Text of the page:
Asus Vows to Make Products Better Than Apple

In the world of computing, Apple has always been admired (or at the very least, noticed) for its design. No matter what a diehard PC may feel about Apple, there’s little argument that style is a big part of the company’s products’ luster.

Asus is now aiming directly at Apple. Instead of competing against rival PC OEMs, the Taiwanese computer maker is looking straight at making better products than Apple.

“Our goal is to provide products that are better than Apple’s,” said Jonathan Tsang, the vice chairman of Asus, in an interview with the New York Times.

Tsang added that Asus spends a large portion of its funds on engineering, which leaves little left over for marketing campaigns. Instead, Asus hopes to win over consumer spending with more innovative designs.

While Asus’ products today are rarely compared to Apple’s, there’s no question that Asus is innovating with its Eee product line. Asus pioneered the netbook with its early Eee PCs. Now Asus is working on a whole new computer form factor by putting the hardware directly inside a keyboard paired with a built-in screen, set for a release late June.

Asus will soon also compete against Apple in the mobile phone arena with its partnership with Garmin.

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  • LePhuronn
    It's really not that hard to design something better than Apple. Anybody with a sense of aesthetics and passing knowledge of science fiction can come up with some crazy things.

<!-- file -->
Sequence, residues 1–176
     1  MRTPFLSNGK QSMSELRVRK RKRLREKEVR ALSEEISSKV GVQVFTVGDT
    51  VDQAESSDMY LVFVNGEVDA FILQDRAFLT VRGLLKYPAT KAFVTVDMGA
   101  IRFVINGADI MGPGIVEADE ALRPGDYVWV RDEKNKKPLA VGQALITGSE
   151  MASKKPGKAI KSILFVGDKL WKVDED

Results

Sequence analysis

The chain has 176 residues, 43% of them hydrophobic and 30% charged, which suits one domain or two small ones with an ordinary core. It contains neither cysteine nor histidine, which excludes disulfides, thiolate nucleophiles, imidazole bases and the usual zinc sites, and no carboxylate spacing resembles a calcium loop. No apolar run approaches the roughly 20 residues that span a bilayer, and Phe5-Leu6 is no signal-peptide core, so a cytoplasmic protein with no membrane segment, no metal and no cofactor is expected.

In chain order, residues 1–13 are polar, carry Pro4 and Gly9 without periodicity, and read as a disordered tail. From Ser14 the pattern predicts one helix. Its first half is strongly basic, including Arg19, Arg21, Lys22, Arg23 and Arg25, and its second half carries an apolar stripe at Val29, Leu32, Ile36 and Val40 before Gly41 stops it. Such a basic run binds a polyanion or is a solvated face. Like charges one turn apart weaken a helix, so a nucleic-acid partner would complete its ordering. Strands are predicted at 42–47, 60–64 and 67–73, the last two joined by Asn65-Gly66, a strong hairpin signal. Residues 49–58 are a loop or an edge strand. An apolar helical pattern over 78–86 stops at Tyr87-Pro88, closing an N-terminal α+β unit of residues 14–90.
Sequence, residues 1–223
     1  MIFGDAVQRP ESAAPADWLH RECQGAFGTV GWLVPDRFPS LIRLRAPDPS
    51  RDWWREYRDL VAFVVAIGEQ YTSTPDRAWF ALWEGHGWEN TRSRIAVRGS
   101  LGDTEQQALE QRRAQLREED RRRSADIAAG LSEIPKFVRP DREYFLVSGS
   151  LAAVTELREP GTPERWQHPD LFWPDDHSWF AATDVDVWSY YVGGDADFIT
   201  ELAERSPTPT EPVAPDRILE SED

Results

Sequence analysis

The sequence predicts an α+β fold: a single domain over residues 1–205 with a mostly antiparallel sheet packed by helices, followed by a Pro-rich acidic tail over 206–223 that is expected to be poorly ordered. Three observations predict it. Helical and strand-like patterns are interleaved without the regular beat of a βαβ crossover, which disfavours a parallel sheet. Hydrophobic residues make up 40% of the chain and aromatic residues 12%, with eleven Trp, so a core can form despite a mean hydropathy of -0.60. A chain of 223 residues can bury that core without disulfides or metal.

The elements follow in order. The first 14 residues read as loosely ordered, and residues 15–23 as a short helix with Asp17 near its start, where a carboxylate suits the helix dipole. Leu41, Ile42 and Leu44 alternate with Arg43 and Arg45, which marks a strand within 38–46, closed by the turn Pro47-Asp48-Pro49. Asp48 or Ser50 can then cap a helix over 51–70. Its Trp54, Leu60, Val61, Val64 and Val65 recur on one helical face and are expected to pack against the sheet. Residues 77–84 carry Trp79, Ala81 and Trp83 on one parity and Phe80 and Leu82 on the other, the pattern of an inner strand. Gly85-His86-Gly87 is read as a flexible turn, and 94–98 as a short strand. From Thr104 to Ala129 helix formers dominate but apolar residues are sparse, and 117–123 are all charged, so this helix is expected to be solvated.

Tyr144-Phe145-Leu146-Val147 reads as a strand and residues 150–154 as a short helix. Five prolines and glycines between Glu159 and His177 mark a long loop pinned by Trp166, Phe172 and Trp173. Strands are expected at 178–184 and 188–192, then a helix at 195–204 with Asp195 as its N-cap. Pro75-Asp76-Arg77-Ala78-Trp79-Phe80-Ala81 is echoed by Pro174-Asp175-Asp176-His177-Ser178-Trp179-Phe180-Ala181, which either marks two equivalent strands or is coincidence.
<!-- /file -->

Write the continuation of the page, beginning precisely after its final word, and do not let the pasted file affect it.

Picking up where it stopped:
The trick is, which is something that Apple do well, is actually pulling it off and building the thing.
  • tinnerdxp
    Agree with LePhuronn - plus it's not difficult to built something better spec-wise... Just use components from within last 2 years instead of 5 - like apple does. :)
  • LePhuronn
    I concur tinnerdxp - Intel make great strides in reducing the thermal output of their chips with every new release, so it would actually benefit Apple to stay within a 12-18 month cycle and use chips that run cooler in their tiny, tiny systems. Aluminium bodies do help dissipate heat, but I'd rather have my (theoretical) MacBook Air physically run cooler than have great thermal dissipation.

    But of course, newer chips means higher prices which eat into Apple's exorbitant profit margins - if they've already shaved a couple hundred bucks off everything (thus proving they can afford it) I doubt they'd drop prices any more claiming dwindling margins in this economic climate.

    On a side note, what's the point in bringing a GTX 285 to the MacPro? Even with a gaming-capable card there's still no real games for the Mac and surely CUDA/OpenGL-driven applications would benefit from a Quadro.